What's Left of Me by Kat Zhang
My rating: 5 of 5 stars
Holy crap, this book was fantastic.
I went into What's Left of Me thinking it would be the stereotypical YA novel with poorly-constructed plot and characters, but Kat Zhang and her fully dysfunctional America proved me wrong.
What's Left of Me is set in a not-too-distant future version of America in which each person is born with two souls, and about halfway through childhood, the souls settle into dominant and recessive roles. The trouble with Eva Tamsyn, though, is that she--being the recessive soul of her body--never settled, haunting the life of Addie, the dominant soul, without being an enemy of sorts to her "soul-sister," yet being her own personal roadblock. But before you go off comparing it to The Host, by Stephenie Meyer, let me just tell you that this book is 10x better than that POS, and it is everything The Host should have been, and more.
First off, What's Left of Me spends 97% of its length never once touching on romance, and the romance that is touched upon is only lingered over a little bit in the end of the book. There are no theatrical firework shows when the heroine brushes the fingernail of her love interest, and that's where this book is set apart from its other YA counterparts. Eva, instead, provides the reader with a heartbreaking, yet quite fascinating, look at what life as the recessive soul is like, and Zhang is able to sneak in bits of world-building along the way. Eva and Addie were so distinctly-developed, and the other characters were fantastic as well. I ended up loving characters I never thought I would love, and I had moments where I talked to myself as a form of reaction to certain scenes, which is something I rarely do when it comes to YA fiction anymore, so I loved how attached I got to the characters and the situations they were in.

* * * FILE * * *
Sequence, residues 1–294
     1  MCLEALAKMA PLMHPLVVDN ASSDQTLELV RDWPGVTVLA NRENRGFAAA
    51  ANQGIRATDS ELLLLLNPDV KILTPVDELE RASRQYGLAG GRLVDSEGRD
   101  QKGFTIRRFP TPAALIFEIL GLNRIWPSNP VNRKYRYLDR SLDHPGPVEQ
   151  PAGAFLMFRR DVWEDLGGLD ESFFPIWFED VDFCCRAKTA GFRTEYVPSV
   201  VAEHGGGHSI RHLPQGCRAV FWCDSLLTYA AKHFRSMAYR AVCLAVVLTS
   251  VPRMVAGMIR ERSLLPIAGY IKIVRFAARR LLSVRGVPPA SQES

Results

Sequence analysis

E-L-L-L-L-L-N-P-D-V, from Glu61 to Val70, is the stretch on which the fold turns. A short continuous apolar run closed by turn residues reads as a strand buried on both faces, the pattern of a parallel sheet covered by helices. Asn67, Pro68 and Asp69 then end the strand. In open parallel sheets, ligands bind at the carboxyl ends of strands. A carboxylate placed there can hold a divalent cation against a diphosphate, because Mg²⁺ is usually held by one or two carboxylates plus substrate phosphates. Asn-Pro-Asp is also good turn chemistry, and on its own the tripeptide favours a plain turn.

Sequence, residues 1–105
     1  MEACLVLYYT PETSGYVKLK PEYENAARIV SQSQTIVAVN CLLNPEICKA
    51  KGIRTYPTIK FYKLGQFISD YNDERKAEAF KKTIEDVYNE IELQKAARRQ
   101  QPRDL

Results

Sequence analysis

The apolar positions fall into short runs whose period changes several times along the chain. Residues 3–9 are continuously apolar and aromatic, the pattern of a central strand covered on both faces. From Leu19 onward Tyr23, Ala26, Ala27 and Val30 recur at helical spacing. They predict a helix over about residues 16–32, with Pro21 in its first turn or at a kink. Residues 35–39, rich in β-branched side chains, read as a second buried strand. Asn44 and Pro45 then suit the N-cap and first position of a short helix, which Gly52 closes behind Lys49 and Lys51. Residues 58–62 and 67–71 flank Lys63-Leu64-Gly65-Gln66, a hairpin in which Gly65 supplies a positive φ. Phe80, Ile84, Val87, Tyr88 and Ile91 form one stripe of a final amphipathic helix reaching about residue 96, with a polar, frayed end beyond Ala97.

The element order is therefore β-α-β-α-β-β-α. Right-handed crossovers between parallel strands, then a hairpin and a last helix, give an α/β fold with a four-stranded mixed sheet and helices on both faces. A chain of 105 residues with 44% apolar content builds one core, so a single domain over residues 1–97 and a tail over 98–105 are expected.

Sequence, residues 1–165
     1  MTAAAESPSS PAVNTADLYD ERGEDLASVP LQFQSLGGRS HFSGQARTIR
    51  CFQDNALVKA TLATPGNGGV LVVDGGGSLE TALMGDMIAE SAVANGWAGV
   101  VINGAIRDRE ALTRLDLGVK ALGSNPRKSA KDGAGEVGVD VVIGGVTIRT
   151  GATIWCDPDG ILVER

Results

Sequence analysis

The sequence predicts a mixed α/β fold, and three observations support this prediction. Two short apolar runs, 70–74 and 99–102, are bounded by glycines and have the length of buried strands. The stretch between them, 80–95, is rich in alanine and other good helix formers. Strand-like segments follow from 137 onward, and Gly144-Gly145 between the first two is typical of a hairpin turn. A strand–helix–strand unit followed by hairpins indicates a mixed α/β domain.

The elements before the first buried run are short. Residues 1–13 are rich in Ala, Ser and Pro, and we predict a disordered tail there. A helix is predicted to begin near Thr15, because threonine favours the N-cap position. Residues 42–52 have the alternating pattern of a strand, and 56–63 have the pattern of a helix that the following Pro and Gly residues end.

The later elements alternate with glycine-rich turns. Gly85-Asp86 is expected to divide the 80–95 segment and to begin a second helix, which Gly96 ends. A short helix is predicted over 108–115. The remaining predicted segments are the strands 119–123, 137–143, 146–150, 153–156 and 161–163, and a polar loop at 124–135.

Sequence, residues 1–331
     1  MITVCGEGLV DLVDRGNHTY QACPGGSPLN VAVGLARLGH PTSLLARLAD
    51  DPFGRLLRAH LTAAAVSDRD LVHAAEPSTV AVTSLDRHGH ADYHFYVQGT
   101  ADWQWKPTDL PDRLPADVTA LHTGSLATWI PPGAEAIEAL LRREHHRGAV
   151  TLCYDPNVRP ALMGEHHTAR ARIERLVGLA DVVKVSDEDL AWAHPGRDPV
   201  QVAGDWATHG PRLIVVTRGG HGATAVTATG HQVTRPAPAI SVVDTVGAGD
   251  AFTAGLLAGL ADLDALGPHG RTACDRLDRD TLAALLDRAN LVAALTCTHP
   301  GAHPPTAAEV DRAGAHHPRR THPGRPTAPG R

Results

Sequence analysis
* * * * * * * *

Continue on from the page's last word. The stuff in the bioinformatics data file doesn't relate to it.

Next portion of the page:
I tip my hat to Kat Zhang, for her writing style was so beautiful and new and intricate and, simply put, great. I was just hooked on every word, and I never found myself wanting to skim certain parts of the book, because I didn't want to miss the way Zhang described certain feelings, settings, or plot points. It's so great to see such delicate, yet forceful, writing in the world of YA fiction.
What's Left of Me is a fast-paced, heavy-loaded phenomenon of a story that will draw readers in and make them ask questions they can't ask with any other book. Truly an original masterpiece.
View all my reviews